Upset with Bollywood? Boycott it, as playing smart works, not violence.
And just why Sanjay Leela Bhansali can’t make a film without a controversy accompanying it?
Have you wondered why every movie made by Sanjay Leela Bhansali, starring Deepika Padukone and Ranveer Singh, becomes controversial?
Here is a recap.
At the outset, the author states that violent protests are unacceptable. Having said that, those who evoke such protests, must reflect on their conduct.
Controversy One (November 2013) Ram Leela
After Hindu groups protested, the matter landed in court which ordered that the name be changed to Goliyon Ki Raasleela Ram-Leela. “A Delhi court's order came on a suit filed by six petitioners, including Prabhu Samaj Dharmik Ram Leela Committee, saying the movie hurt the religious sentiments of Hindus as it contains sex, violence and vulgarity.”
At the same time on 14 November 2013 the Punjab and Haryana High Court stayed the arrests of Bhansali, Ranveer Singh and Deepika Padukone.
Controversy Two (December 2015) Bajirao Mastani
"The descendant of Peshwa Bajirao I alleges that historical facts have been "altered while portraying the late king and his wives Kashibai and Mastani in the film."
Since the Maharashtrian Brahmin community are a miniscule percentage of the population, not a vote bank and did not protest violently, the issue did not escalate. Actually the movie made people aware of Bajirao Peshwa's valour, which prompted a renewed interest in him.
Controversy Three (January 2017 onwards) Padmavati
Protests turned violent when Bhansali was slapped whilst shooting at Jaipur's Jaigarh Fort.
Rumours of a dream love song between Alauddin Khilji (Ranveer Singh) and Padmini (Deepika Padukone) added fuel to the fire. The rumours upset many more. Team Bhansali did nothing to dispel these rumours then.
Casting Deepika Padukone and Ranveer Singh, who were allegedly in a real life relationship, as Padmini and Khilji complicated matters.
Unfortunately Bollywood has failed to gauge public sentiment with respect to the anguish that continues to exist over Muslims invasions.
Things hotted up after the movie trailer was released on 9 October 2017 on social media. When Team Bhansali released the first song titled Ghoomar on 25 October, protestors said that Rajput women did not dance like that.
On 8 November 8 Divya Kumari, whose grandfather was the last ruler of Jaipur, said, "The women of Rajasthan are very upset with this film made on a queen who is the epitome of sacrifice".
According to a 16 November report in the Times of India, Deepika Padukone said, ‘It's appalling, it's absolutely appalling. What have we gotten ourselves into? And where have we reached as a nation? We have regressed’”.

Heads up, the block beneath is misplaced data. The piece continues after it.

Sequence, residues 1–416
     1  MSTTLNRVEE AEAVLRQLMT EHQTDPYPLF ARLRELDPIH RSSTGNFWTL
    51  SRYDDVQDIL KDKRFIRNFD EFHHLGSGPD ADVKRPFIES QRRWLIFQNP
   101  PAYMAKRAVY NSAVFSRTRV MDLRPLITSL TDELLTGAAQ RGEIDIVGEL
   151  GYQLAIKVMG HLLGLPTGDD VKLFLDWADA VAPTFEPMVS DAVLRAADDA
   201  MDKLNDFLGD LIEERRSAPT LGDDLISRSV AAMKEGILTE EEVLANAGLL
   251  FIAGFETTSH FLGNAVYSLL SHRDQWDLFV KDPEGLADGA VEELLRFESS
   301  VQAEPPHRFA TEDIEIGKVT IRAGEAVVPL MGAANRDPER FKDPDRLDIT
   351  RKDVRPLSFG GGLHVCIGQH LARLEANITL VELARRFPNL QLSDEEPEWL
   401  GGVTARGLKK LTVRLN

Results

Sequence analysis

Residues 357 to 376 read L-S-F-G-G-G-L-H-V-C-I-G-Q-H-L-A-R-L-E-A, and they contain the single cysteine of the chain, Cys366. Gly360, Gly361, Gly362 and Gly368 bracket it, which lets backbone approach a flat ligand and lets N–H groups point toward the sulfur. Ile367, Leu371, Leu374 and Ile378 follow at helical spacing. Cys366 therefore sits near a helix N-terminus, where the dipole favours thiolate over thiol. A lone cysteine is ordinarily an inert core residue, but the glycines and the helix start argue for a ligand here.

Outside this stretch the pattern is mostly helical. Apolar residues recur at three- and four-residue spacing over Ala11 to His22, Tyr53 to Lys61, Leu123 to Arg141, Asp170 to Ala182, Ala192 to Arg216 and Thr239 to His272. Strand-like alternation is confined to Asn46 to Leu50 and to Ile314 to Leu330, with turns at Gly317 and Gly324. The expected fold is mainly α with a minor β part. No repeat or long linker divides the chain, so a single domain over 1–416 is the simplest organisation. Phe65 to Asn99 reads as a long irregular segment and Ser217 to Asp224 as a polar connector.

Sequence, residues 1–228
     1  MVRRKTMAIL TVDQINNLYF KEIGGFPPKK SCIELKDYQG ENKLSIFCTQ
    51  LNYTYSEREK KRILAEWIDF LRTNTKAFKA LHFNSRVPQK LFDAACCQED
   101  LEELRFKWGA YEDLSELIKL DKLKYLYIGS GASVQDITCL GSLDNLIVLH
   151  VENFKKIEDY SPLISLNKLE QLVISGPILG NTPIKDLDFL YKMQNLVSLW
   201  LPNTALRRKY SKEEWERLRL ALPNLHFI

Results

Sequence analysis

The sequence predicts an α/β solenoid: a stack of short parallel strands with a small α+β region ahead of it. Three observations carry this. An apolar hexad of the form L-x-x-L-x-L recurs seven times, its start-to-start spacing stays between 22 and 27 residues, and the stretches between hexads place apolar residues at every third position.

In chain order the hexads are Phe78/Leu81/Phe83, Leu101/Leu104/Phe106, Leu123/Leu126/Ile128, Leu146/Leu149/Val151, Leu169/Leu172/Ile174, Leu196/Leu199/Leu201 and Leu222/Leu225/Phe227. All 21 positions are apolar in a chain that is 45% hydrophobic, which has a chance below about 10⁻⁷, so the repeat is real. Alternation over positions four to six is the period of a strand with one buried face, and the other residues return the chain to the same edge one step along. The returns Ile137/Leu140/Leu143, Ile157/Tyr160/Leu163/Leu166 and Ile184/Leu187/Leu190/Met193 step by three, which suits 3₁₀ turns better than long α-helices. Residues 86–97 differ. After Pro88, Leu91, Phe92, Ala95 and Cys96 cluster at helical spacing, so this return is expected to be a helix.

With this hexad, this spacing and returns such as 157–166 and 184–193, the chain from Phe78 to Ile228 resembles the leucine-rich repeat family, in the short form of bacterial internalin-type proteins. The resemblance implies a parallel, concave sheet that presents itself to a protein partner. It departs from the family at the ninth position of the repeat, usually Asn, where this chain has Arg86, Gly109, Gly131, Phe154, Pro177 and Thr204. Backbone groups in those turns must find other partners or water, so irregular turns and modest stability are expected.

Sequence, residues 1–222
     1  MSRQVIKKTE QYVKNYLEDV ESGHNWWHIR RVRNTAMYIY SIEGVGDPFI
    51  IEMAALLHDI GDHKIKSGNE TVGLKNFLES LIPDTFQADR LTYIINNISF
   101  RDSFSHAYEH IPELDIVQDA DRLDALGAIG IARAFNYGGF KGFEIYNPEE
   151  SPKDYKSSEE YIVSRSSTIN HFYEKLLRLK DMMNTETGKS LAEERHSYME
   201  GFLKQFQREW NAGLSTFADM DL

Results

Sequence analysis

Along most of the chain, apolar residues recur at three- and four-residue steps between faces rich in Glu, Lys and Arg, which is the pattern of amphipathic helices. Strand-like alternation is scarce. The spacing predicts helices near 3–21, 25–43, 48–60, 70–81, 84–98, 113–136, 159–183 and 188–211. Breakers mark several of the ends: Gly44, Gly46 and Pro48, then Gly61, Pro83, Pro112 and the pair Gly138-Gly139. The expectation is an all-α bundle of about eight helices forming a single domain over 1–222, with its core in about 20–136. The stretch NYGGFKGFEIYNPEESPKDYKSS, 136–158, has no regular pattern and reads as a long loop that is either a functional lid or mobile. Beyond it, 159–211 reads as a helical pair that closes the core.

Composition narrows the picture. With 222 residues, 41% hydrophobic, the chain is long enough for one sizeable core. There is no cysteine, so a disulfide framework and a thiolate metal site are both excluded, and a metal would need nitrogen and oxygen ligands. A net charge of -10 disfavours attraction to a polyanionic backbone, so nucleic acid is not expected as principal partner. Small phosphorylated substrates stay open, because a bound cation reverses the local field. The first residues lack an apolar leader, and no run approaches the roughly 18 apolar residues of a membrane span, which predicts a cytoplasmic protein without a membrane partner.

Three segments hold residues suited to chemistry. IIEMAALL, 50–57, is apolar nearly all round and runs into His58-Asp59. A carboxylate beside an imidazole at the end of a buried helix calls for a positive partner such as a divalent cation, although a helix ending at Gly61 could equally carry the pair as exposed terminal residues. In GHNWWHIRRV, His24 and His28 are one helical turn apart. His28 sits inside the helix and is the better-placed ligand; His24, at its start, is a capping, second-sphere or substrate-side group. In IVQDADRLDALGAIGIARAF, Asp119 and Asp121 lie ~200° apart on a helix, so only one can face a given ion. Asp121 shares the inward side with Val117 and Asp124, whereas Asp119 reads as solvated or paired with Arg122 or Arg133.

Deepika's statement was badly timed and increased the divide. It reflects failure of Team Bhansali in hiring a good public relations firm.
Meanwhile, the release date was fixed for 1 December even though the movie had not been approved by the Censor Board. (Board has 68 days to certify a movie).
On 17 November, the Central Board of Film Certification (CBFC) sent back Padmavati to the filmmakers saying that its application was "incomplete”. CBFC chief Joshi said, "The film's application came up this week only for review. The makers know and admit that the paper work is not complete – the very disclaimer whether the film is work of fiction or a historical was left blank and not stated – and on simply and legitimately being asked to provide important documents, target the CBFC for looking the other way and delay."
Around 20 November we heard, "the film apparently has been shown only to select TV anchors who have happily issued endorsement certificates to its content. Ironically, however, the film is yet to receive clearance from the Censor Board whose chief has sharply criticised the selective screening."
Perhaps, Team Bhansali thought they could use public opinion to put pressure on CBFC like what was allegedly done with earlier chief Pahlaj Nahlani. This time round the CBFC chief is Prasoon Joshi, a screenwriter, poet, marketer and CEO of McCann World group India.
Around that time, media reports stated that the British Board of Film Certifications had passed the film without any cuts and would release on 1 December. This seemed to imply, so what if CBFC has not cleared the film you can watch the unedited version in Britain.
As protests intensified, Viacom18 Motion Pictures, the studio behind Padmavati deferred the release from 1 December 2017.
In short, it was a public relations disaster for Team Bhansali.
Next, a special panel was formed to see the movie. CBFC chief Joshi said, "The final decision stays with the CBFC committee. Some parts of the advice do find reflection, but as iterated, the final decision for certification is with the CBFC committee.”